Planning a trip abroad? There are a few things you should consider when travelling with your breast pump. Here's what you need to know.
Flying with your breast pump
Your breast pump is a portable electronic device. If you’re travelling by plane it’s important to be aware of airline regulations regarding portable electronics. Check your airline’s regulations and also regulations of your destination and departure airport.
If you have a rechargeable breast pump like the Spectra S1, S9 Plus and M1, it has a lithium battery in it and falls under CASA regulations in Australia regarding portable electronic devices, which means you should keep your breast pump in your carry-on luggage only.The type of battery in your Spectra breast pump is printed on this tag.
The Spectra S1, S9 Plus and M1 all have lithium batteries under the 100Wh rating, which puts them in the same category as your laptop, cell phone, and other portable electronic devices. You don’t normally need to declare these prior to travelling, however, its good to know the technical specification of each pump’s battery in case you want to verify or need to answer any questions. Like most portable electronic devices, the type of battery in your Spectra breast pump will be printed on the back or bottom of your breast pump, like in the photo above.
- Spectra S1: 1.11V 2000mAh Li-Polymer
- Spectra S9 Plus: 7.4V 900mAh Li-Polymer
- Spectra M1: 7.4V 900mAh Li-Polymer
Travelling with expressed breastmilk
If you’re planning on travelling with expressed breastmilk, be sure to verify with your departure and destination airports and airlines for any regulations regarding breastmilk – and print them out, in case a problem comes up or the security agent is unfamiliar with the policy.
In Australia, breastmilk will need to be in resealable storage bags up to 100ml, no more than 1 litre total in your carry-on luggage. In some places, like the United States, breastmilk isn’t subject to maximum quantities (like other liquids) but it will need to be taken out of your carry-on luggage and screened separately. Remember that every country, every customs agency, and every airline might have different regulations, so it’s important to verify ahead of time so you know what to expect.
There is typically no limit for putting breast milk in checked luggage, however – and you can consider freezing it and mailing it. Check for breastmilk mailing services in your destination area, or consider finding a local breastmilk donor group.
Powering your breast pump abroad
Most countries operate mains power at 220-240 volts, with some exceptions at 100-127V (mainly all of North America, some parts of Brazil, Japan, and Saudi Arabia). All Spectra breast pumps except for the Dew 350 are dual voltage, meaning that as long as you have the correct international power adaptor, you can charge or power your Spectra breast pump abroad.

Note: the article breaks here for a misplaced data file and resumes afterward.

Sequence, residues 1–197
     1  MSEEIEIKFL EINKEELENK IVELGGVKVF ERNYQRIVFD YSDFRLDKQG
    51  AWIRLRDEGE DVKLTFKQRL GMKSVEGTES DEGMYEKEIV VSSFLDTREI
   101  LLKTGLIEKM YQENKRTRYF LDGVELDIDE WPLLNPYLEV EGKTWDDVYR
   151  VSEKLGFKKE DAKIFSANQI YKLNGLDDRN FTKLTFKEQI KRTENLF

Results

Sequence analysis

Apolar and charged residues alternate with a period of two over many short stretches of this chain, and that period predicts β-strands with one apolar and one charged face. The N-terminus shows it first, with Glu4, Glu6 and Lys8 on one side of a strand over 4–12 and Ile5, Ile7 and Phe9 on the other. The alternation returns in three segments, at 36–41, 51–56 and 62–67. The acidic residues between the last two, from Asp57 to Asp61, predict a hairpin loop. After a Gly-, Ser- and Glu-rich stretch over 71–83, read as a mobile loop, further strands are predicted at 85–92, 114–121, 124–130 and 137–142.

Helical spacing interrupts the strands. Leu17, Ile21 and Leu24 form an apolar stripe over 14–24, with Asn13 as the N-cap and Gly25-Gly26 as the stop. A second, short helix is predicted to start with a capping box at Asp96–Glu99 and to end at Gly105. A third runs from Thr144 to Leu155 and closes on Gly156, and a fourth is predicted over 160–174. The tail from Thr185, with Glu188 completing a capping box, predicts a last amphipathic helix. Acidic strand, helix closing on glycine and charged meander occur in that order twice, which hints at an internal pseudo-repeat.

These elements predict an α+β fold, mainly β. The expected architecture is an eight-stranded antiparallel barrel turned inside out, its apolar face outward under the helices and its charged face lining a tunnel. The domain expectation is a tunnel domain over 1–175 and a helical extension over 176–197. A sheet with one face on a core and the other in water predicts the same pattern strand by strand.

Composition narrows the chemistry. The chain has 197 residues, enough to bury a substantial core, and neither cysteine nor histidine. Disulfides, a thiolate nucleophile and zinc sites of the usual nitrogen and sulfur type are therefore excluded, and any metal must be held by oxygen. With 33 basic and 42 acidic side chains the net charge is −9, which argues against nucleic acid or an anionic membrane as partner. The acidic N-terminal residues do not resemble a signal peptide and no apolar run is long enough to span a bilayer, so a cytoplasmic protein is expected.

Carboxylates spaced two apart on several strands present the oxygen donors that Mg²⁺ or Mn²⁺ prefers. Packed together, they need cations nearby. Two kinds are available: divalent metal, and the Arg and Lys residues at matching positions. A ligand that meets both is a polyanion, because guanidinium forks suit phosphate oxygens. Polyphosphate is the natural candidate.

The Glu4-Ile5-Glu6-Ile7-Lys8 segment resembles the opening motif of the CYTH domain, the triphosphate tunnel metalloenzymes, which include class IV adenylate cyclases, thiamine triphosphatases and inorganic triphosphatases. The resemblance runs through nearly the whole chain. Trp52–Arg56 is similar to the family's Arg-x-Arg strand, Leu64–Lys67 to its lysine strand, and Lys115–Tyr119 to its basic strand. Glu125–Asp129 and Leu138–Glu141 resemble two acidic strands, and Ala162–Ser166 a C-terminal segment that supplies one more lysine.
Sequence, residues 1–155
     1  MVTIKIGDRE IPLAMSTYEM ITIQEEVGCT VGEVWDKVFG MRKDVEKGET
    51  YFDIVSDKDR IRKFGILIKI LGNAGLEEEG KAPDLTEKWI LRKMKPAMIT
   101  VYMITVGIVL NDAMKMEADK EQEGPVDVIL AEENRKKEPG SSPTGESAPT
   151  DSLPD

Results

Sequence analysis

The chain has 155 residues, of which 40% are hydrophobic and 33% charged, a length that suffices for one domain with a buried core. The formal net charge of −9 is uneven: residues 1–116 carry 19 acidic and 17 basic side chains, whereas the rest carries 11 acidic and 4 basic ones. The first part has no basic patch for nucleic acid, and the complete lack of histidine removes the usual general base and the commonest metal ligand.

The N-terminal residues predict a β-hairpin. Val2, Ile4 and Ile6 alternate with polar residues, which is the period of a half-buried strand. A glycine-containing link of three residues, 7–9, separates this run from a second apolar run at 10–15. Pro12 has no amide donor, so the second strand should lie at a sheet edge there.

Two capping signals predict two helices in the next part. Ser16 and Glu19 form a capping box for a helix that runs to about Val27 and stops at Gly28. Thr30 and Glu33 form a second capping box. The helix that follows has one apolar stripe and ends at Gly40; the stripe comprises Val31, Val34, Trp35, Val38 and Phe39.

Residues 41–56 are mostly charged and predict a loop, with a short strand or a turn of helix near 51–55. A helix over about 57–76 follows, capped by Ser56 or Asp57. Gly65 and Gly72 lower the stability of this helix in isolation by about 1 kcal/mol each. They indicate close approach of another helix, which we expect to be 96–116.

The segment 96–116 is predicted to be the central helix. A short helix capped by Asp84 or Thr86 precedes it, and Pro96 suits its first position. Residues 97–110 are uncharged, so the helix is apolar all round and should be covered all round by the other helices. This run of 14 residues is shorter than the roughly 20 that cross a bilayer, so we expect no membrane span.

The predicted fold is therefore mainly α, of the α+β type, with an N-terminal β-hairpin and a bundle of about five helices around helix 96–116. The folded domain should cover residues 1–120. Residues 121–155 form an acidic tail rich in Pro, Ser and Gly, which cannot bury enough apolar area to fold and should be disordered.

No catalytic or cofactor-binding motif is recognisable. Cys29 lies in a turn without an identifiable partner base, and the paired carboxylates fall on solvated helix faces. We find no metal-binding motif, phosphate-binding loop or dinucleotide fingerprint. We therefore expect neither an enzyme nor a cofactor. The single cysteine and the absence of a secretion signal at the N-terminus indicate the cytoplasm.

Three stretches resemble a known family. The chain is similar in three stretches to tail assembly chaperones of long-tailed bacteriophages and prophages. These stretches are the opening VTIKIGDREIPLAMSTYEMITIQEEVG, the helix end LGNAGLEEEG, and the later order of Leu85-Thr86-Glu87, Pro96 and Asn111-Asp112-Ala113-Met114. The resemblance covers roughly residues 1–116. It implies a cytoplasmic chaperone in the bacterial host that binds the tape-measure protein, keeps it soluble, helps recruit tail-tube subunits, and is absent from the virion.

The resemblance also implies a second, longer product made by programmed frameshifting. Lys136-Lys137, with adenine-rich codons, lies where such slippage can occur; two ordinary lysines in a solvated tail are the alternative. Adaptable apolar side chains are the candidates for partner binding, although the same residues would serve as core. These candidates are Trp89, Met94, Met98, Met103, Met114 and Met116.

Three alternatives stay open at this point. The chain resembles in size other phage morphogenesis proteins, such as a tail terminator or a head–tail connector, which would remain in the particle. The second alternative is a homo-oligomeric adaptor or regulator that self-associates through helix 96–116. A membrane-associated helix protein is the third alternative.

Although voltage is fairly universal, power outlets are not. You’ll most likely need to purchase an international travel adaptor. These small, portable adaptors usually come with several different plugs, like the one pictured below, allowing you to plug it into your local power outlet, and then plug in your Spectra breast pump. Before you depart, make sure you verify which plug type your destination uses, and that the travel adaptor you purchase accommodates that plug type (click here for an interactive plug type world map).
Countries that use the Australian power plug
Your Spectra breast pump comes with an Australian power adaptor, known as a Type I plug. This will actually work in several countries outside of Australia, including New Zealand, China, Argentina and Papua New Guinea – click here for a full list of countries that use the Australian plug.
Powering the Dew 350 in the United States
The Dew 350 is not dual voltage, meaning it will only operate in regions on 220-240V mains, such as Australia, Asia, Europe, and Africa. If you’re travelling abroad, it’s good to verify what voltage your country of destination uses ahead of time.
To operate your Dew 350 in North America, Japan, or another 100-127V region (in orange or brown in the map above), you’ll need to purchase a step-up conversion box. These are not your regular international power plug adaptors, but rather boxes that build up charge to put out more power than goes in. So, if you’re travelling to the United States for example, you’ll need a step up converter that uses the 100V power in the United States to build up enough charge in the box to put out the 220V to power your Australian Dew 350.Australian Dew 350 using a step-up power converter plugged into a 100 volt outlet.
Not using a step-up conversion box can cause irreparable damage to your Dew 350. You can purchase a power converter at most major online retailers and home electronics stores.
Furthermore, if you have a Dew 350 purchased in the United States, it will be rated at 100-127V, and therefore you’ll need a step-down conversion box if you’re using it in Australia, Europe or another 220-240V region.